Payson Regional Medical Center Administrator Missy Spencer resigned after a decade at the hospital. Spencer took at position as vice president of business development at Tucson Heart Hospital.
Nov. 18 -- Officer on DUI detail injured in alcohol-involved accident
A Payson police officer was injured and his patrol car destroyed while on DUI detail. A driver failed to yield at a stop sign and pulled out in front of Officer Chad Deschaaf. Deschaaf swerved to avoid the car and hit a retaining wall. The Department of Public Safety that investigated the accident believed alcohol was a factor.
Nov. 21 -- A portion of the Beeline named a scenic road
A 42-mile stretch of Highway 87 from milepost 204 to 246 was designated an Arizona scenic road. The designation was granted by the States Parkways and Historic and Scenic Roads Advisory Committee.
Nov. 21 -- CNA student saves man's life
A nursing student at Gila Community College was honored for using her newly learned CPR skills to save a man at Wal-Mart. The Mogollon Health Alliance, Payson Regional Medical Center and the fire department honored Delaine Brooks for her swift action when she performed CPR on a man who had collapsed in the store.
Nov. 21 -- Renzi takes first step towards Tonto Creek bridge
Congressman Rick Renzi announced that he secured $100,000 for an environmental assessment in preparation for the construction of a bridge across Tonto Creek. Several hundred people live across the creek from Punkin Center and two have died attempting to cross the creek during high water. The residents have requested a safe water crossing for 20 years and say they hope Renzi's actions will get them one.
Nov. 25 -- Tonto Apaches announce plans for new casino and hotel
The Tonto Apache Tribe unveiled plans for a new casino. The 45,000-square-foot casino will include a 40-guestroom hotel and 100 more slot machines and provide 50 new jobs. If the project moves as projected, it may be completed in 10 months.
Nov. 25 -- Local Fight Clubs spring up around Payson
Local teens discovered a new activity on weekend nights -- fight clubs. Large groups began gathering at Rumsey Park to watch boxing matches. Masks and gloves made for a more benign version of fight club.
The activity continued until the Payson police discovered it was a misdemeanor to have an organized boxing event without the proper permit. This forced them to disperse the gatherings and warn participants of the statute.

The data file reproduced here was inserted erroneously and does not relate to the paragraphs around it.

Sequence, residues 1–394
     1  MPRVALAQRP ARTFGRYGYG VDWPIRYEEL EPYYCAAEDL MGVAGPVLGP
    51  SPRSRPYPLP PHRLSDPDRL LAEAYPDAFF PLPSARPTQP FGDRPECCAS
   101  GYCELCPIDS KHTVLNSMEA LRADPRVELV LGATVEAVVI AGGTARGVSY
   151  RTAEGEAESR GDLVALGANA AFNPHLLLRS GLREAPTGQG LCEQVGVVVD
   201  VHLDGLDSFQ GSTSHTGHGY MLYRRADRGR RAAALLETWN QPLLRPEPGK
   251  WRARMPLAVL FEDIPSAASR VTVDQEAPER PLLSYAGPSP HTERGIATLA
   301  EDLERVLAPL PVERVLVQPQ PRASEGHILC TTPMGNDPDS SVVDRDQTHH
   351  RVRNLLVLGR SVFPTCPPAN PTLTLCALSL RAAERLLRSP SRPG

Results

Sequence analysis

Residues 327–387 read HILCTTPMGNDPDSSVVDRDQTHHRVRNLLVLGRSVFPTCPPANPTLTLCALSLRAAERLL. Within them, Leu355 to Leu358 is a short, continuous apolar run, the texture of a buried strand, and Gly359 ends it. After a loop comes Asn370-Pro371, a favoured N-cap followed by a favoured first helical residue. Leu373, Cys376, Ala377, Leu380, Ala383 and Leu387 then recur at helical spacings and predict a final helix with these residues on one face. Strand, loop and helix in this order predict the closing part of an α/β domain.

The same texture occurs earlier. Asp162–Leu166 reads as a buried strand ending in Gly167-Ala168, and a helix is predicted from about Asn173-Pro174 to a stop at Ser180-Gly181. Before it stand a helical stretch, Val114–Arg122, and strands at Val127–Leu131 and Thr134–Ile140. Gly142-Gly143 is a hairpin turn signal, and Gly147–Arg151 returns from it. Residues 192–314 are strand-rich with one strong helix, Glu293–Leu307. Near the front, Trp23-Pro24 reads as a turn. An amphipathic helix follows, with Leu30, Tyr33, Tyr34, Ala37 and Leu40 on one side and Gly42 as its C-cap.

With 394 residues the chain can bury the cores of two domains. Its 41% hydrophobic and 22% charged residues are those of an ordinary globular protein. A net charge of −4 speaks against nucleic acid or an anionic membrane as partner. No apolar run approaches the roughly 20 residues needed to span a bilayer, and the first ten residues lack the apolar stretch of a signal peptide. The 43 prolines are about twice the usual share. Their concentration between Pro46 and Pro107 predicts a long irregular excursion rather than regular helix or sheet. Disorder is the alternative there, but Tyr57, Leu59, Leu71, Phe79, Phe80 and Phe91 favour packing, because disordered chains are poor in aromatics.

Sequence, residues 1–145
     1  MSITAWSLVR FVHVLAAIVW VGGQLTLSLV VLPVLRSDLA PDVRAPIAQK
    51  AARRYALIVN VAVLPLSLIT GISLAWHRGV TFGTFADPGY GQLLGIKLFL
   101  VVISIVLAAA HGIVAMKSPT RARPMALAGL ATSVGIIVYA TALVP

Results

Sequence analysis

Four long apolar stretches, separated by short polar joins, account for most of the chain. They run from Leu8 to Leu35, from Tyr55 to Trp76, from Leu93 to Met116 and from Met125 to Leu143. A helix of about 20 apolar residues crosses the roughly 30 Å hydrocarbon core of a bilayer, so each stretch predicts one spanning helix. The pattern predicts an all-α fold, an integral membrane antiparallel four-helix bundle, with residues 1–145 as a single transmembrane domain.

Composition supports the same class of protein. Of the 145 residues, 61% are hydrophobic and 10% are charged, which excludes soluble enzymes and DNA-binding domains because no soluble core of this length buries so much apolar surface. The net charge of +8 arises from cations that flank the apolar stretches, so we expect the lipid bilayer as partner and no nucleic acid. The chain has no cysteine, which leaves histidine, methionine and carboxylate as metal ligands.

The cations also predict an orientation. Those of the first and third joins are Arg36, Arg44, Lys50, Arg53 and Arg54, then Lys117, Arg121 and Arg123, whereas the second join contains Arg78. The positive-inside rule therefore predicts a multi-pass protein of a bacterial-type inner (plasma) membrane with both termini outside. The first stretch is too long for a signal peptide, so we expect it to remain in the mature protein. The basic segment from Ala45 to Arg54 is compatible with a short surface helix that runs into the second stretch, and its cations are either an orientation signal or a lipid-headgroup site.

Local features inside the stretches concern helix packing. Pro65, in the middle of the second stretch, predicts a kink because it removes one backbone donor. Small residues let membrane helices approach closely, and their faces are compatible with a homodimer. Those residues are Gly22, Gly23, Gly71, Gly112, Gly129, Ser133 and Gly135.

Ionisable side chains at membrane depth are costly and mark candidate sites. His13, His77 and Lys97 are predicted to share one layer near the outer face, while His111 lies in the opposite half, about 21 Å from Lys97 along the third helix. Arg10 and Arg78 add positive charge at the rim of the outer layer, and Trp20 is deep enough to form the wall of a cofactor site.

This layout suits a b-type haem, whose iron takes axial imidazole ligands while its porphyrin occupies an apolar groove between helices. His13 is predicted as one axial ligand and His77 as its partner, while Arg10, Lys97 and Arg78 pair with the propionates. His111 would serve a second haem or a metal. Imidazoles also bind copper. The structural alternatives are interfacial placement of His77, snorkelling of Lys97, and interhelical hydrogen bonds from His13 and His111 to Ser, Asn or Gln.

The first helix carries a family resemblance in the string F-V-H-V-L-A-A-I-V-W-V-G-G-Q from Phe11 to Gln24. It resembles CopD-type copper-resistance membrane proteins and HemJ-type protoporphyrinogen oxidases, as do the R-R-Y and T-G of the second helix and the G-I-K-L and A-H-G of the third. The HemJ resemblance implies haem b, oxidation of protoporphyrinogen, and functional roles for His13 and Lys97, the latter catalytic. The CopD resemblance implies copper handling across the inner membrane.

Dec. 2 -- Goats help reduce fire danger
Payson Ranger District announced plans to use goats to reduce fuel levels on 1,600 acres of forest land. Using goats costs about $173 an acre while other methods can cost up to $450 per acre.
Dec. 5 -- Loose dogs results in woman's death
A 78-year-old Payson woman was taken off life support and allowed to die after suffering head injuries when two loose dogs knocked her to the ground.
As Naomi Walton left her home, two young dogs jumped on her and knocked her to the cement sidewalk.
Walton was transported to the Valley with a fractured leg, but began having seizures and eventually went into a coma. After several weeks and no improvement, relatives decided to take Walton off life support.
Dec. 5 -- Man missing in Mazatzal wilderness
A Forest Lakes man went missing in the Mazatzal Wilderness. Ronald Hamby, 52, passed through Doll Baby Ranch on his way to Yuma with his two horses. When the horses returned without tack and Hamby, a concerned ranch caretaker called the Sheriff's office and a search effort began.
Hamby was found a week after the search began by people riding ATV's near Bloody Basin Road. Hamby was treated at a valley hospital for dehydration and starvation.
Dec. 12 -- Flu sweeps through Payson
The influenza virus swept through Rim country earlier and harder than previous years. Schools emptied and doctor's offices filled up with those suffering from the virus.
By mid-December, the area ran out of the vaccine. The alternatives for those who did not get a flu shot were either the live intranasal vaccine or taking anti-viral medications.
Dec. 13 -- Fugitive Iraqi President captured by U.S. forces
Iraqi President Saddam Hussein was found hiding in a one-man hole in the ground beneath a ramshackle compound in Adwar Iraq. Residents of Rim country are proud to have many soldiers serving in the military who have been directly involved in, or supporting the war in Iraq.
Dec. 19 -- Mayor calls DUI patrols a ‘damper'on local nightlife
At a Corporate Strategic Plan meeting, Mayor Ken Murphy denounced the town police department's participation in DUI saturation details.